M & M, a farewell

The choice of Mahler's Eighth Symphony for Lorin Maazel's farewell concerts as music director of the New York Philharmonic no doubt satisfied someone's sense of symbolism. The Eighth completed  Maazel's tenure-long Mahler symphony survey. It's very big, and hence seems to suit a Special Occasion. It was composed about 100 years ago, while Mahler himself was music director of the NYP (actually, of the New York Symphony, which didn't merge with the Philharmonic until 1928). It's very big. Or did I say that already?

Maazel's seven-year Philharmonic tenure (actually, he has conducted the orchestra, mostly off until he become music director, then on, for 70+ years, counting from his debut in 1939 at the age of 9 and continuing on to future guest engagements) was controversial, but not in the sense that some critics loved him and others loathed him. The orchestra seemed to love him, or at least to enjoy playing for him, and they sounded great. Subscribers seemed more or less content, to judge from ticket sales. But critics mostly disdained him, and there was no buzz, no excitement.

Which is a bad old Philharmonic tradition, dating at least as far back as Virgil Thomson in 1940, one year after Maazel's debut, when he (Thomson, that is) complained about the orchestra playing no real part in New York's cultural life, or words to that effect. To be fair, there certainly was buzz under Bernstein and Boulez. Whether there will be under Alan Gilbert remains to be seen, but that's getting ahead of ourselves.)

The basic critical take on Maazel was that he was a fabulous technician (the orchestra never sounded better), an unimaginative programmer, a sometimes mannered and, in the end, uninteresting interpeter. For me, at his best, which was usually in the music of Richard Strauss, he was very convincing, and he was certainly smart, sometimes imperiously so. But otherwise, I didn't deviate too far from the critical consensus.

Mahler's Eighth is big but, usually, empty. Decades back that was how a lot of people felt about all his music, but for me, the Eighth is the emptiest of the bunch, and some of the others are pretty full, meaning that they're wonderful. Bernstein used to whip up considerable excitement at the end of the "Veni, creator spiritus" first part of the Eighth. But there's a lot of racket and the second-part setting of the end of Goethe's "Faust" is rather too Germanic even for me, the Germanophile.

Maazel's performance (the first of four, proclaimed Lorin Maazel Day by Mayor Bloomberg, who neither showed up to do the proclaiming nor sent an official representative), was curiously uninvolving for a supposedly touching farewell. Maazel conducted away, the orchestra played well, and the music unfolded with a steady clarity and sense of proportion, especially in the quieter bits. But it wasn't overwhelming, like Lenny could be. It would fabulous some day to hear this Symphony of a Thousand with a thousand performers: ah, were I still at the Lincoln Center Festival, with ludicrous amounts of money to burn!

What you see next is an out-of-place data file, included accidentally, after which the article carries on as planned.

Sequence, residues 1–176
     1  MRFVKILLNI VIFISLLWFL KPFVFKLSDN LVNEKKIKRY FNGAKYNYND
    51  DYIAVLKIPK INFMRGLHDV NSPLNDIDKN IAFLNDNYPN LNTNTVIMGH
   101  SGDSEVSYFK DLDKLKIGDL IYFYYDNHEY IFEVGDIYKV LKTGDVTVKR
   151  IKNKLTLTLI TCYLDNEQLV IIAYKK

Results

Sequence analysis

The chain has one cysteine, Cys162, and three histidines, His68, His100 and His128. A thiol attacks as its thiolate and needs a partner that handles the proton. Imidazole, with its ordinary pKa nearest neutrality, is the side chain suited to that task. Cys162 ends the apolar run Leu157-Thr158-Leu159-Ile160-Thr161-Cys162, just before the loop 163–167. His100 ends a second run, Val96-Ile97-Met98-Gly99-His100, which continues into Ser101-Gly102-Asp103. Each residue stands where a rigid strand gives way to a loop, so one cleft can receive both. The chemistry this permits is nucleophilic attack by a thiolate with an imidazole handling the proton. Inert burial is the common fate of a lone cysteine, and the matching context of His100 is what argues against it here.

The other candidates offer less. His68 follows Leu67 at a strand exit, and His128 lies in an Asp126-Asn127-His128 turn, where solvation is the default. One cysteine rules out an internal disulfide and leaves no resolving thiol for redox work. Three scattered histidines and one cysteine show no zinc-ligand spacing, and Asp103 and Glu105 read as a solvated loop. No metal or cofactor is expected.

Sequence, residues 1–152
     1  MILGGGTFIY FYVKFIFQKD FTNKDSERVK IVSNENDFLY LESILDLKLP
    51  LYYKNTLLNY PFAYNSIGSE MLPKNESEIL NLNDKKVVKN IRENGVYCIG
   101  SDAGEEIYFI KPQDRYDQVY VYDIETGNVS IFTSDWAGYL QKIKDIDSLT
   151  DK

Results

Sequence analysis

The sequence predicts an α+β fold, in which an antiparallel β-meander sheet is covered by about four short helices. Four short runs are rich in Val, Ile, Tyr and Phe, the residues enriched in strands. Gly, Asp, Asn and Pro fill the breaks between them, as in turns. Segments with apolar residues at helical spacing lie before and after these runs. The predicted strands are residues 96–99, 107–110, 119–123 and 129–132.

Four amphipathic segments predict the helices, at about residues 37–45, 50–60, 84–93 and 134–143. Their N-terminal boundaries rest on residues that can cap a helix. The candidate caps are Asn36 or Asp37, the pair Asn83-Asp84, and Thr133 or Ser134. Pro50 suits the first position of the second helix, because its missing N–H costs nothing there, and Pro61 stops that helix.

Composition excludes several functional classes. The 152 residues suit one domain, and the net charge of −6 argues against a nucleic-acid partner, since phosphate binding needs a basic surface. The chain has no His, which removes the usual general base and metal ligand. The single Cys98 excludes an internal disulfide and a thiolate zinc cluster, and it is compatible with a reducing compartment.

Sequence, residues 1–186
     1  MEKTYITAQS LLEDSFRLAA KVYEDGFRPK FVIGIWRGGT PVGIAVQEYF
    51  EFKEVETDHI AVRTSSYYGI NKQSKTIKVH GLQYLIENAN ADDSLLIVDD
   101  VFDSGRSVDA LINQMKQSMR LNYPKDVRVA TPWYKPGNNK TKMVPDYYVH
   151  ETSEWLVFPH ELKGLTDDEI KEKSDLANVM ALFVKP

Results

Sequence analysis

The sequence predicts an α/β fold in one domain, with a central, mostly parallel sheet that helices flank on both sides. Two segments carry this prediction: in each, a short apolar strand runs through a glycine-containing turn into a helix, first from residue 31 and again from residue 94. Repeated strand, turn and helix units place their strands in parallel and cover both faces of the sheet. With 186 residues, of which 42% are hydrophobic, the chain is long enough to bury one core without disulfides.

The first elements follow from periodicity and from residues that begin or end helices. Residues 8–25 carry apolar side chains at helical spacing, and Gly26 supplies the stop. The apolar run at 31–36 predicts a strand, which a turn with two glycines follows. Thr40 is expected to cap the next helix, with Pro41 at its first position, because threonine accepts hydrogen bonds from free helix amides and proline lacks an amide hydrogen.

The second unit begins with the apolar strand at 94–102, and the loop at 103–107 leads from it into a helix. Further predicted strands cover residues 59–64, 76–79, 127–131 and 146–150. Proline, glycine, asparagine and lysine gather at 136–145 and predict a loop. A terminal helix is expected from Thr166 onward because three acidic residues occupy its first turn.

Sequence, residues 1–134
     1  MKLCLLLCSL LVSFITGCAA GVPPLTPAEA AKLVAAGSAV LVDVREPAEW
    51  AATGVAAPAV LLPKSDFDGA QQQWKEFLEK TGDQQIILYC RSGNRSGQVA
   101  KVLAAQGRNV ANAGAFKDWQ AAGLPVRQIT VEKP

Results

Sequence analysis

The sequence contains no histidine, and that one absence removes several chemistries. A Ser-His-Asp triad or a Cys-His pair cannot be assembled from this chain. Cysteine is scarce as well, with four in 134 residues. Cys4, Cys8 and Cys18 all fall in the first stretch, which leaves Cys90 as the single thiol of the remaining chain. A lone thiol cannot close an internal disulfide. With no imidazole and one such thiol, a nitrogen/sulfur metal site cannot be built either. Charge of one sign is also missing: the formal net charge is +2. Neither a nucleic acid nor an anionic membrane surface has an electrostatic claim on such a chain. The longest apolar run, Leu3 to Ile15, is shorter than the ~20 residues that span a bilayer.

Furthermore, though the best conductors (and technically, Maazel is right up there) can get an orchestra to sound terrific in Avery Fisher Hall, it remains acoustically bass shy, and the electronic organ is most definitely bass shy. That meant the thing sounded shallow, bereft of floor-shaking gravitas. Which Mahler needs and Maazel lacks.

A Germanophilic footnote: The supertitles and program text translated Goethe's concluding "Das Ewig-Weibliche/zieht uns hinan" as "The eternal feminine/leads us upwards." Makes sense, in that Faust is ascending to heaven and all. But -- I don't have a German dictionary handy -- doesn't hinan mean onwards, not upwards? Which does rather change the meaning.. .

July 2, 2009 3:48 PM | | Comments (4)

4 Comments

With all due respect, I think your dismissive comments about Maazel are terribly unfair.
I wouldn't call his programming unimaginative; he did a fair amount of new music by today's leading composers and some interesting rarities from the past. And I was bothered by the quote of that tired old canard started the late Virgil Thomson about the New York Philharmonic"not being part of New York's intellectual life".
This blatantly false rumor has unfortunately dogged the Philharmonic for decades,and it's time that this myth was debunked. In fact, the orchestra is a vital part of that intellectual life, and the orchestra, whether under music directors or guest conductors offers wonderfully varied and interesting programming, not just the same old warhorses, although it plays them, which is true of all the world's orchestras.
Also, the Mahler 8th, far from being"empty" in any way, is in fact a profoundly moving work. It's a difficult symphony to bring off successfully, but a great performance can be exhillerating.

AS a prolific translator who is also psychoanalytically versed and used to know his "Gooth" as most Amurricans now know the womanizer genius of Weimar, I would say that "ziehen" all by itself does the trick, neither down, to the femme fatale, nor up to the idealized madonna, just drawn... forever... pulled... or as some friends in New York used to say: A pussy hair can pull a battleship. xx michael roloff

Well, as long as you ask, "upwards" would be translated as "hinauf," not hinan. (No need to post this unless you feel like it.)

I referenced my favorite online Deutsch-Englisch
W├Ârterbuch and found that anziehen (v) indeed means to rise. Das Anziehen (n) is upward movement. I would have probably understood it the same way you did.

http://dict.leo.org/ende?lp=ende&p=wlqAU.&search=anziehen

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This page contains a single entry by John Rockwell published on July 2, 2009 3:48 PM.

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